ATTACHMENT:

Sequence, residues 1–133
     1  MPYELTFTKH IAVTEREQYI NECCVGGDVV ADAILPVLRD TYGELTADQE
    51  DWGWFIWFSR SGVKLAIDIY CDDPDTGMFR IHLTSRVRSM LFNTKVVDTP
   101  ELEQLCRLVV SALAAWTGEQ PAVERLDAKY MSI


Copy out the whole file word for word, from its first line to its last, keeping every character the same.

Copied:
Sequence, residues 1–133
     1  MPYELTFTKH IAVTEREQYI NECCVGGDVV ADAILPVLRD TYGELTADQE
    51  DWGWFIWFSR SGVKLAIDIY CDDPDTGMFR IHLTSRVRSM LFNTKVVDTP
   101  ELEQLCRLVV SALAAWTGEQ PAVERLDAKY MSI